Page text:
The Effects of U.S. Foreign Assistance on Democracy Building
Cynthia Arnson, Deputy Director, Latin American Program, Woodrow Wilson Center
Michael Edward Hess, Assistant Administrator, Bureau for Democracy, Conflict and Humanitarian Assistance, USAID
Mitchell A. Seligson, Centennial Professor of Political Science, Vanderbilt University
Aníbal Pérez-Liñán, Assistant Professor of Political Science, University of Pittsburgh
Steven E. Finkel, Daniel H. Wallace Professor of Political Science, University of Pittsburgh
Dinorah Azpuru, Assistant Professor of Political Science, Wichita State University
Michael Bratton, Professor of Political Science, Michigan State University
Michael Coppedge, Professor of Political Science, University of Notre Dame
Pamela Paxton, Associate Professor of Sociology, Ohio State University
Margaret Sarles, Division Chief, Strategic Planning and Research for Democracy, USAID
On October 27, 2005, the Latin American Program hosted a presentation of the results of a USAID-funded study of the effects of U.S. foreign assistance on democracy building worldwide. Cynthia Arnson noted that the latest wave of U.S. funding for democracy promotion began during the Reagan administration and has been expanded and institutionalized since then. Michael E. Hess stated that democracy building is an important aspect of the Bush administration's national security strategy, reflected in the increase in funding for democracy assistance since 2001.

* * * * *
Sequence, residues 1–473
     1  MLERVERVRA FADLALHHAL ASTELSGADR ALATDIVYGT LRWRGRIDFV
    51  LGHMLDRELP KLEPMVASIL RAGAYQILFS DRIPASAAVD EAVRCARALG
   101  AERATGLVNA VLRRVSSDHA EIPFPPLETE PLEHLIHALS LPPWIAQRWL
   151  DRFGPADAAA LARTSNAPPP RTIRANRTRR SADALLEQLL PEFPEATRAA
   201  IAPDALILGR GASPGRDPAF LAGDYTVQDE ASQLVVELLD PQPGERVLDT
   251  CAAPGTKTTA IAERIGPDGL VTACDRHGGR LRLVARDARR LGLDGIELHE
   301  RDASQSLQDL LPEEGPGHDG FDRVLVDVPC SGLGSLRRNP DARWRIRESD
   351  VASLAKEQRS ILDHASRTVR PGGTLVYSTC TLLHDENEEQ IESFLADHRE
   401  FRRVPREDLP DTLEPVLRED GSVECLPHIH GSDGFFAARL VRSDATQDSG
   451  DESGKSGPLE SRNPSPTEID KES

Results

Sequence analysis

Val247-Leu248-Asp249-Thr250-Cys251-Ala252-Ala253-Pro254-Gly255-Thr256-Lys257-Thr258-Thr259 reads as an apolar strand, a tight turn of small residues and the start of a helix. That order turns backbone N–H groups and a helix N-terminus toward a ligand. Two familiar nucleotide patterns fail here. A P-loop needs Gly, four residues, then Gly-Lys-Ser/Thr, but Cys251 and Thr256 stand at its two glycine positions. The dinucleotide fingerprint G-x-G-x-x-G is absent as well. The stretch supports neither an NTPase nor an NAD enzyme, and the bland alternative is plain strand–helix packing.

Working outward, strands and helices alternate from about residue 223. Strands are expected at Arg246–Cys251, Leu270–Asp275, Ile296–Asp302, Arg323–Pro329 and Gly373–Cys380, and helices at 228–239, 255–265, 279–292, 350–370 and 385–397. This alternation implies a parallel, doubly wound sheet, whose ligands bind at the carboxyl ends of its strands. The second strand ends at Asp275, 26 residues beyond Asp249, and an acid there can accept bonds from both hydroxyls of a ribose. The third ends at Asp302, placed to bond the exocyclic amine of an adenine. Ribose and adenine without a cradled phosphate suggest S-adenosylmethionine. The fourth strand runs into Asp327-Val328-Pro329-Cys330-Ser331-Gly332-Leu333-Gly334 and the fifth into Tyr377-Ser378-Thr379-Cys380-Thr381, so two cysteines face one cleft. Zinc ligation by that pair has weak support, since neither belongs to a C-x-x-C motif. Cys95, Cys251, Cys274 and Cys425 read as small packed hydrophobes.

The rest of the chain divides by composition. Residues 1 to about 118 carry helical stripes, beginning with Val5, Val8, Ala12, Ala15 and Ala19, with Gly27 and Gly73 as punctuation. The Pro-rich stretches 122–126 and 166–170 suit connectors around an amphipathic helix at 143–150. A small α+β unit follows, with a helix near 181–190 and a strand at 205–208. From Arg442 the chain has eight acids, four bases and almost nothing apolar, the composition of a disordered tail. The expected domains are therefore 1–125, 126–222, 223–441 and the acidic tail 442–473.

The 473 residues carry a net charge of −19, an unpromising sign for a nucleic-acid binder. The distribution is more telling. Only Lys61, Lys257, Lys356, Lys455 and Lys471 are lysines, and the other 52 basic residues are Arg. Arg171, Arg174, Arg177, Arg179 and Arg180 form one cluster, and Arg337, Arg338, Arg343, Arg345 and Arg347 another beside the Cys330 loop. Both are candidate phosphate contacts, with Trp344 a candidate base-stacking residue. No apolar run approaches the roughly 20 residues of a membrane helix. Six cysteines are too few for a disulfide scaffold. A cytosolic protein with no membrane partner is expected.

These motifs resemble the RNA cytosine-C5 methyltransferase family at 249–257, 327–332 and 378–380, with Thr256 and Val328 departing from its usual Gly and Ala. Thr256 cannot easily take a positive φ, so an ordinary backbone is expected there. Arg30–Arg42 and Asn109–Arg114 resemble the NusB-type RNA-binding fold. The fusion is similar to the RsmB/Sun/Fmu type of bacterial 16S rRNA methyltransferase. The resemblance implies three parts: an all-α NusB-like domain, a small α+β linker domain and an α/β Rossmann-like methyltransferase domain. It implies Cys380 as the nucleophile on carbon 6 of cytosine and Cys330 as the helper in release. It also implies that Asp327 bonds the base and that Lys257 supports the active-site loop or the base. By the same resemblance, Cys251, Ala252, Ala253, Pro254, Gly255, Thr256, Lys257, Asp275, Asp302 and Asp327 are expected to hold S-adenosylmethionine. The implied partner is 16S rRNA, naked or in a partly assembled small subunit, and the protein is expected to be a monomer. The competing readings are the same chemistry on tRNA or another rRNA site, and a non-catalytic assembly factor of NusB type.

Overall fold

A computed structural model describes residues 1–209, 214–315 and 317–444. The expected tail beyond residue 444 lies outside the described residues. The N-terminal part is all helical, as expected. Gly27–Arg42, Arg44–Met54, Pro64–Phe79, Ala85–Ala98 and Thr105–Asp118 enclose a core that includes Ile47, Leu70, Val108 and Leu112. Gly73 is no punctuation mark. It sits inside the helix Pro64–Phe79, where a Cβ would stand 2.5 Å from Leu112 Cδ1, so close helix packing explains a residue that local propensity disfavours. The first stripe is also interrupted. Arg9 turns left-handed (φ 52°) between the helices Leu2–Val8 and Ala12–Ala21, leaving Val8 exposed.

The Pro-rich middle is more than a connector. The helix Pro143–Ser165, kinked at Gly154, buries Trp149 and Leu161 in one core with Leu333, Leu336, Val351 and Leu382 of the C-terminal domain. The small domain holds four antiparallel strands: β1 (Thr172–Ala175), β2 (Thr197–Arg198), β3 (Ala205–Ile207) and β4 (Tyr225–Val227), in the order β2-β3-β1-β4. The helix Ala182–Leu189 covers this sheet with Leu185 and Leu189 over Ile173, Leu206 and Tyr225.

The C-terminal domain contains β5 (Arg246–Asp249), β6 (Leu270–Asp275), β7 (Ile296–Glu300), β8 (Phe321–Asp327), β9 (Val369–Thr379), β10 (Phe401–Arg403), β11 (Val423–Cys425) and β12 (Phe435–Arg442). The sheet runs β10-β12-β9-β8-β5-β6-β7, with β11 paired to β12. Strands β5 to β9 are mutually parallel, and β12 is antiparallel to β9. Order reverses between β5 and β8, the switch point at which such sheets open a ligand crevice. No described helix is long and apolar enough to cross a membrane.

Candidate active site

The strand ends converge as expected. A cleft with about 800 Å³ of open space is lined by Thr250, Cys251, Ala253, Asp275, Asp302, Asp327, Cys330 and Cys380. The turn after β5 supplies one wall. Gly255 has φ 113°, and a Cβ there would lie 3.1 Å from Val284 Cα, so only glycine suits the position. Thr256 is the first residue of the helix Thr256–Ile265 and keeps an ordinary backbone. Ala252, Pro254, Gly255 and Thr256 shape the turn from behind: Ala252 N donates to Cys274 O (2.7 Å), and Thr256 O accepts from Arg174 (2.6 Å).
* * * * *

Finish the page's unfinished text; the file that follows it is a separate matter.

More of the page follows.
Research team leader Mitchell Seligson said that the study focused on 165 countries from around the globe. Using the democracy indicators of Freedom House and Polity IV, the study found that since the end of the Cold War, there has been a worldwide trend towards democratization. Seligson noted that democracy assistance is still a very small proportion of the USAID portfolio, but contrasted the steady erosion of AID assistance in areas not related to democracy promotion prior to 2001 with a consistent increase in assistance for democracy and governance programs. For purposes of measurement, the study divided assistance for democratic governance into the four categories used by AID: civil society (including the media), rule of law (including human rights), elections (including parties), and governance (including decentralization and anti-corruption programs). The study found that foreign assistance is divided fairly evenly across regions, although rule of law assistance was highest in Latin America.
Aníbal Pérez-Liñán described the methodology used in the study, noting that the researchers looked at data from the years 1990-2003 and grouped some 280 variables into two categories. The first included variables such as economic growth and inflation that change from country to country and within countries over time. The second category consisted of constant factors within countries over time, such as the level of democratic governance at the start of the study, the degree of ethnic fractionalization, and income inequality. Pérez-Liñán noted that measuring advances or setbacks in the rule of law and governance categories were the hardest to quantify.